I remember looking down at my wailing newborn daughter and telling her, “If I just knew what you wanted, I would do it!”
Babies are born with some ability to communicate what they are feeling and need from us. But it takes practice to get the message. Learning to see these (sometimes) tough-to-notice cues can help us meet our babies’ needs.
Research shows that getting to know your baby’s cues also helps the two of you build a strong, secure attachment — a loving, trusting relationship.
Do parents get it right every time? Heck no. But noticing and responding to your baby’s expressions and gestures is what great parenting is all about. Your baby learns that they can trust you, feel safe with you, and rely on you. And that’s what strong families are made of.
Understanding and Responding to Your Baby’s Cues
While it’s impossible to list every cue your baby might use, think of this as the starter kit to figuring out what your baby is trying to say:
When baby is ready for some milk or formula, they may:
- Keep hands/fists near their mouth, suck hands
- Make sucking or “lip smacking” noises
- Pucker their lips
- Search or root for the nipple
- Clench their fists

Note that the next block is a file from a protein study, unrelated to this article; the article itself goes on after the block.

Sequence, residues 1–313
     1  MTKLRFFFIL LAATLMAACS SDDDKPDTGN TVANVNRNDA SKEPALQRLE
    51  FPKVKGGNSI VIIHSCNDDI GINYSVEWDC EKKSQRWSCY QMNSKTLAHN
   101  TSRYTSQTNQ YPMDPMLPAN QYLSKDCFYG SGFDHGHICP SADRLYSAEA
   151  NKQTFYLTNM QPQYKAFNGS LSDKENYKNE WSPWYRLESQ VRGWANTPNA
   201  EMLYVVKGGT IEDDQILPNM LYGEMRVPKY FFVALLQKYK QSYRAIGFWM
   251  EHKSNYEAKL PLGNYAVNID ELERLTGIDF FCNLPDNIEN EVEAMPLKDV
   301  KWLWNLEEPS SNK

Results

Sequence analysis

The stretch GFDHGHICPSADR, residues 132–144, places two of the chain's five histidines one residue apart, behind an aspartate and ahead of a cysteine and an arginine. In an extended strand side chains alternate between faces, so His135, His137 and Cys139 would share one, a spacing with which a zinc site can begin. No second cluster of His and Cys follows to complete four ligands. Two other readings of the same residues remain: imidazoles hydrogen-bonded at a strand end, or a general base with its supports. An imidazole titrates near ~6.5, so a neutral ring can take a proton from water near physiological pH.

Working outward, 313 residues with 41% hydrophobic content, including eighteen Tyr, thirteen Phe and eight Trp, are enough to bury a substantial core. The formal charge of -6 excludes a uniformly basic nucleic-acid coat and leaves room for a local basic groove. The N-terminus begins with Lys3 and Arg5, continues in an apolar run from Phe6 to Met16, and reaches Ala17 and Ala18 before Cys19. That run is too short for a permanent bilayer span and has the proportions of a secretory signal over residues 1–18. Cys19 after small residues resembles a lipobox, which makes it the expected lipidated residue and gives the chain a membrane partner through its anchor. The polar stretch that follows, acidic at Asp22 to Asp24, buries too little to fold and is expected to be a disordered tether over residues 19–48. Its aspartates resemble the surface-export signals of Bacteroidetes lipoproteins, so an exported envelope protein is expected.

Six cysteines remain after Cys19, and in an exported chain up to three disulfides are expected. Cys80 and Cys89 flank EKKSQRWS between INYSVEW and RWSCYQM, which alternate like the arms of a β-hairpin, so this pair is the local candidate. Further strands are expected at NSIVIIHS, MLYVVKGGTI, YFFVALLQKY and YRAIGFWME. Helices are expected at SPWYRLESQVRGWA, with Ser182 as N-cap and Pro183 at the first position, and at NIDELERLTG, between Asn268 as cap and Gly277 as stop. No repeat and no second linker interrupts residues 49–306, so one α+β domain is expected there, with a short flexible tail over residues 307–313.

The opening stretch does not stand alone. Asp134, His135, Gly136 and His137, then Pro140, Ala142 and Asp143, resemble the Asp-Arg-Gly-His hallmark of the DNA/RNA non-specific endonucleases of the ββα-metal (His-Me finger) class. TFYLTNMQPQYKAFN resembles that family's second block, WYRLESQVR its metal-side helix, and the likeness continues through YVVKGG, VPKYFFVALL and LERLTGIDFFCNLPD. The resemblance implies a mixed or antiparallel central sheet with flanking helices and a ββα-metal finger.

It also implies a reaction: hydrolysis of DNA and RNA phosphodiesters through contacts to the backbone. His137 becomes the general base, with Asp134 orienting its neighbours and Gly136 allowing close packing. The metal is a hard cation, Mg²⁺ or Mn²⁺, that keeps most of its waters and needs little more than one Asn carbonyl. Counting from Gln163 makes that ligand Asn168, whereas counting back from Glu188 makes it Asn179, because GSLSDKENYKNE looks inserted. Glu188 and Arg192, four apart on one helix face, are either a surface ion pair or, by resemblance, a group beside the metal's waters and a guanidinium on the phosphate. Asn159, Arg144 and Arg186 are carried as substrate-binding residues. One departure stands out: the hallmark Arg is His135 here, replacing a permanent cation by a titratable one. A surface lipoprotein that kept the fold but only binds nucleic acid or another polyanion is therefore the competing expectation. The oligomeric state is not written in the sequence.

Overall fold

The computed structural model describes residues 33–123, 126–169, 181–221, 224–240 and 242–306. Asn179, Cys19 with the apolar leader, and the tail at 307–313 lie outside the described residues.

- Use a “hunger” cry—listen to see if your baby has a distinct cry when hungry
I’m done eating
When baby is all done with milk for now, they may:
- Suck more slowly or stop sucking
- “Play” with the nipple – mouth it, rather than suck
- Turn or push away from the nipple
- Relax/open their hands
- Look drowsy or fall asleep
I’m ready to play
When your baby is ready for play and interaction, you may see them:
- Gaze at your face, making eye contact
- Have a bright, calm expression
- Turn their head or eyes toward you
- Become more still; arm and leg movements are fluid, not jerky
- Reach out to you, or stretch fingers or toes toward you
- Slow or stop sucking
- Coo or babble
I’m done playing
When your baby needs a break from interaction (play, talking, stimulation), you may see them:
- Turn their head/eyes away from you
- Have a dull/glazed expression
- Cry, become fussy
- Arch their back
- Wrinkle their forehead
- Grimace or frown
- Close eyes, or eyes become droopy
- Yawn or fall asleep
- Burp, hiccup, pass gas
- Squirm or kick
- Put their hand in their mouth
Your baby will also develop many of their own ways of communicating, too. (My daughter always pulled on her earlobes when she was tired.)
And before you know it, that tiny baby in your arms will be standing up and able to tell you exactly what they want, right now!
Every child communicates their needs differently. Taking the time to watch and learn your child’s cues teaches them that they’re important and cherished and helps you respond with what they need from you.
Rebecca Parlakian is senior director of programs for ZERO TO THREE, a national nonprofit working to ensure that all babies and toddlers have a strong start in life. She holds a master’s degree in education and human development, with a concentration in infant-toddler special education, from the George Washington University, where she is currently serving as adjunct faculty.
This definition of positive parenting was developed by a ZERO TO THREE committee of staff, board members and fellows; © ZERO TO THREE 2018.